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Banksy coronavirus-inspired art removed from London Underground subway system

This undated photo issued on Tuesday July 14, 2020 by JBPR, shows Banksy's latest work sprayed on the inside of a London Underground tube carriage. Enigmatic graffiti artist Banksy uploaded a video to social media on Tuesday of what appeared to be him in disguise as a professional cleaner spray painting images of rats on the inside of a London Underground train along with messages about spreading the novel coronavirus.
This undated photo issued on Tuesday July 14, 2020 by JBPR, shows Banksy's latest work sprayed on the inside of a London Underground tube carriage. Enigmatic graffiti artist Banksy uploaded a video to social media on Tuesday of what appeared to be him in disguise as a professional cleaner spray painting images of rats on the inside of a London Underground train along with messages about spreading the novel coronavirus. @banksy / Instagram via AP

Earlier this week, Banksy, the mysterious, U.K.-based street artist wowed fans all across the world after sharing footage of the making of his most recent art piece — a graffiti-covered train car in England’s London Underground transit system.

Though the 59-second Instagram video published on the morning of July 14 brought attention to Banksy’s latest coronavirus-inspired work, it was removed before fans of the mysterious artist even knew it existed.

The paintings were removed from the painted Circle Line carriage “some days ago,” before being shared to the internet, as they violated the London Underground’s “strict anti-graffiti policy,” a representative of Transport for London (TfL) told CNN on Tuesday, hours after Banksy’s art initially surfaced on social media.

In an attempt to encourage passengers to wear face masks during the ongoing COVID-19 pandemic, the pertinent art piece sees a number of Banksy’s signature rats running amok inside of the underground train.

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One of the rodents appears to sneeze a slimy green texture on a train window, while another uses the makeshift snot to write graffiti on a carriage door.

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. . If you don’t mask – you don’t get.

A post shared by Banksy (@banksy) on

Banksy’s behind-the-scenes video was also the first of its kind, as it showed what appeared to be the never-before-seen artist in action, but disguised as a cleaner in a white boiler suit, mask and high-visibility jacket.

Though he wielded what looks to be a sanitary spray bottle, Banksy actually stored his spray paint in it, to deceive passerbys.

Read more: Tom Hanks: ‘When I had coronavirus, my bones felt like they were made of soda crackers’

On why the artwork was cleaned, a representative of the TfL told the BBC that the cleaners were unaware it was created by Banksy and that “it was treated like any other graffiti on the network.”

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“The job of the cleaners is to make sure the network is clean, especially given the current climate,” they added.

Despite having the installation — which Banksy captioned “If you don’t mask – you don’t get” — removed, the spokesperson showed appreciation for the “sentiment of encouraging people to wear face coverings” during the global health crisis.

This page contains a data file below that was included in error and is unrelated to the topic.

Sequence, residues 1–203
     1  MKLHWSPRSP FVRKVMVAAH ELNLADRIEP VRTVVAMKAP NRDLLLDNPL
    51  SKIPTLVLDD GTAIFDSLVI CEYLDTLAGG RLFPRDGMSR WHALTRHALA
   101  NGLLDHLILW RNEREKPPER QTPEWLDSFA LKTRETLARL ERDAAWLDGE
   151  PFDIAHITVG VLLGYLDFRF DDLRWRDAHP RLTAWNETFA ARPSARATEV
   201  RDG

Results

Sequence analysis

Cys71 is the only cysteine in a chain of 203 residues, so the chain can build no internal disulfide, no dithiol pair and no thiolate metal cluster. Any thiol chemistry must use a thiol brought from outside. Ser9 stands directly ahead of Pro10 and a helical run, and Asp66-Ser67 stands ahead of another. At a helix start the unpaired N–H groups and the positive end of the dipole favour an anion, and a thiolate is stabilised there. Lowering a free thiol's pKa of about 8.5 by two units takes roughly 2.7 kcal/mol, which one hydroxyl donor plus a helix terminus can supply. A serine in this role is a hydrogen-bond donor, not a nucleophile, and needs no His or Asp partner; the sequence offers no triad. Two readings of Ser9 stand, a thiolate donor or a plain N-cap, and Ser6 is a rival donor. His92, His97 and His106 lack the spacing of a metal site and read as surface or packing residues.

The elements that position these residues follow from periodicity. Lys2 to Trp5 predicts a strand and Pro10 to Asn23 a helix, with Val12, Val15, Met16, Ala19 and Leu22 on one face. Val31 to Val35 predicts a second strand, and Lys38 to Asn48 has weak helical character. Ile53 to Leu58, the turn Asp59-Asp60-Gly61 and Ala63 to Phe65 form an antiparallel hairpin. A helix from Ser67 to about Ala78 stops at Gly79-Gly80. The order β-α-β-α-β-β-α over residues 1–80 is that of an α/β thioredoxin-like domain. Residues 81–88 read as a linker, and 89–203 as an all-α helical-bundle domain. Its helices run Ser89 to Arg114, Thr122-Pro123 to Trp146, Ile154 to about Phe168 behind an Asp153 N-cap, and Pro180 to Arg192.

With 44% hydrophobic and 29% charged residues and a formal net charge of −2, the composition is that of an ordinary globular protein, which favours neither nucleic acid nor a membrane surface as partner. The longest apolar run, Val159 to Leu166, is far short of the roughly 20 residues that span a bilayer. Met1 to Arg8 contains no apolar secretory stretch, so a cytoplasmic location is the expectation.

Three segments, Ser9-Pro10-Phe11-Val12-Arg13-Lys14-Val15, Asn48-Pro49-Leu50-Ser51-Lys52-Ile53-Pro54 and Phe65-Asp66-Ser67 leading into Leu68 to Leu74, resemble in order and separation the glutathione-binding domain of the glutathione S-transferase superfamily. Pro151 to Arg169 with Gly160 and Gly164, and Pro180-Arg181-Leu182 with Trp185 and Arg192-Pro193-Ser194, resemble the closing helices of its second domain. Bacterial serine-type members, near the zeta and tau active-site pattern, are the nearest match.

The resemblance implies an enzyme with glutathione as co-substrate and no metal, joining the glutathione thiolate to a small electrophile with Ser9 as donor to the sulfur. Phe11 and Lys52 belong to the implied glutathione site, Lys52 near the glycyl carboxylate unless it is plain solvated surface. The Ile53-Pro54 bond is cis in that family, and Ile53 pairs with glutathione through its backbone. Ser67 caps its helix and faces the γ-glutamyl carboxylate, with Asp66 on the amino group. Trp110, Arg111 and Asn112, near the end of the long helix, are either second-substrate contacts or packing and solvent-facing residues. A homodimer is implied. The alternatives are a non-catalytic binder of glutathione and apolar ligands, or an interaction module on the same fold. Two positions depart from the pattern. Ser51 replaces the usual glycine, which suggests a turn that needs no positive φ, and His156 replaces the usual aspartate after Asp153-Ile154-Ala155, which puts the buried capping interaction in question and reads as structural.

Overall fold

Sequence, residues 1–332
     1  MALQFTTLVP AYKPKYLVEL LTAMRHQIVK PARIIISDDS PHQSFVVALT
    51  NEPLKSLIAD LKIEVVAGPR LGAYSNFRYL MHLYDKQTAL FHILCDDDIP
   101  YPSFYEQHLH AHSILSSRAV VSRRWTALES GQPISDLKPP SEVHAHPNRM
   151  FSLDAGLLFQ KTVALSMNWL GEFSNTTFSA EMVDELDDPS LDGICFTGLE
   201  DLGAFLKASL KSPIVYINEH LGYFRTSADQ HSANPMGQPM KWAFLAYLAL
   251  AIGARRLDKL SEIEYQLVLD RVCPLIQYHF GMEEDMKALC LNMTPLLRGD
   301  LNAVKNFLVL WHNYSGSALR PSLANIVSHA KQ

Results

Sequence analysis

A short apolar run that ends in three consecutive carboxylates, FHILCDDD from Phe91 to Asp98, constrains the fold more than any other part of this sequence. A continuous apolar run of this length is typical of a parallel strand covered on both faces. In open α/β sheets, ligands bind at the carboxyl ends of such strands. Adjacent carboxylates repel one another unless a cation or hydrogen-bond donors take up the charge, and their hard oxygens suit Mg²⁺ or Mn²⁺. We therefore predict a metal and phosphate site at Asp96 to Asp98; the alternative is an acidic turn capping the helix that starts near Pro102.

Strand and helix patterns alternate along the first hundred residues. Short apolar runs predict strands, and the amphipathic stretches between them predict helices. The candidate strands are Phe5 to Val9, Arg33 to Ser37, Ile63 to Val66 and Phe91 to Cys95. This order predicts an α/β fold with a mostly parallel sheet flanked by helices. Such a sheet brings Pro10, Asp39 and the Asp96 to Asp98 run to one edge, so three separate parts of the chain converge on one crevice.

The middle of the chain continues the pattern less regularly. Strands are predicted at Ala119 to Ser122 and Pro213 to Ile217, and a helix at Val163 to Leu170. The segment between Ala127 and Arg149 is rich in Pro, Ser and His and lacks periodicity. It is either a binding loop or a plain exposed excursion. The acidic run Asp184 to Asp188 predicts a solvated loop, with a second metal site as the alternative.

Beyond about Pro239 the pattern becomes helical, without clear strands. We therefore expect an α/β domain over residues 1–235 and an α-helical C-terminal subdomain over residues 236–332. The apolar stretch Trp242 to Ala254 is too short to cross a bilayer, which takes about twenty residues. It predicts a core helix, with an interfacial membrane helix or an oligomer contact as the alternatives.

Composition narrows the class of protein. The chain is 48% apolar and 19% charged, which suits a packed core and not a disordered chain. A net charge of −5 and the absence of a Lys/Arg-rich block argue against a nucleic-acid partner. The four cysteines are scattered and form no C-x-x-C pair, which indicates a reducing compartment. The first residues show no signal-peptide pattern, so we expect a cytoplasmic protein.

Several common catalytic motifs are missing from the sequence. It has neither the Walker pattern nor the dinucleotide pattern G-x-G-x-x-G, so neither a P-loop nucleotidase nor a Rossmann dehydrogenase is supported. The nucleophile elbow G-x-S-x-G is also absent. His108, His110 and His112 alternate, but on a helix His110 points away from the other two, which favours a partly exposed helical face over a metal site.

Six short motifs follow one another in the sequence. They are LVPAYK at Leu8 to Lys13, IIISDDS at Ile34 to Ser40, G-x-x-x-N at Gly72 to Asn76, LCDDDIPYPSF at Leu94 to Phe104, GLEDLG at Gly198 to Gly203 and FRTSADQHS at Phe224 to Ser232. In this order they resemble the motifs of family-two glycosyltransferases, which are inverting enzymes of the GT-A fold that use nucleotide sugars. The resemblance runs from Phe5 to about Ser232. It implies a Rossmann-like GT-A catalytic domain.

This undated photo issued on Tuesday July 14, 2020 by JBPR, shows Banksy’s latest work sprayed on the inside of a London Underground tube carriage.
This undated photo issued on Tuesday July 14, 2020 by JBPR, shows Banksy’s latest work sprayed on the inside of a London Underground tube carriage. @banksy / Instagram

They also extended an olive branch by saying that they would like to “offer Banksy the chance to do a new version of his message for (their) customers in a suitable location.”

As of this writing, Banksy has not responded to the removal of his latest artwork. More coronavirus-inspired works by the enigmatic creator can be seen through the official Banksy website.

Read more: Stephen Colbert mocks Trump’s push to reopen schools during COVID-19 spike

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Questions about COVID-19? Here are some things you need to know:

Symptoms can include fever, cough and difficulty breathing — very similar to a cold or flu. Some people can develop a more severe illness. People most at risk of this include older adults and people with severe chronic medical conditions like heart, lung or kidney disease. If you develop symptoms, contact public health authorities.

To prevent the virus from spreading, experts recommend frequent handwashing and coughing into your sleeve. They also recommend minimizing contact with others, staying home as much as possible and maintaining a distance of two metres from other people if you go out.

Coronavirus: UK PM Boris Johnson says people should wear masks in shops
Coronavirus: UK PM Boris Johnson says people should wear masks in shops

In situations where you can’t keep a safe distance from others, public health officials recommend the use of a non-medical face mask or covering to prevent spreading the respiratory droplets that can carry the virus.

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For full COVID-19 coverage from Global News, click here.

adam.wallis@globalnews.ca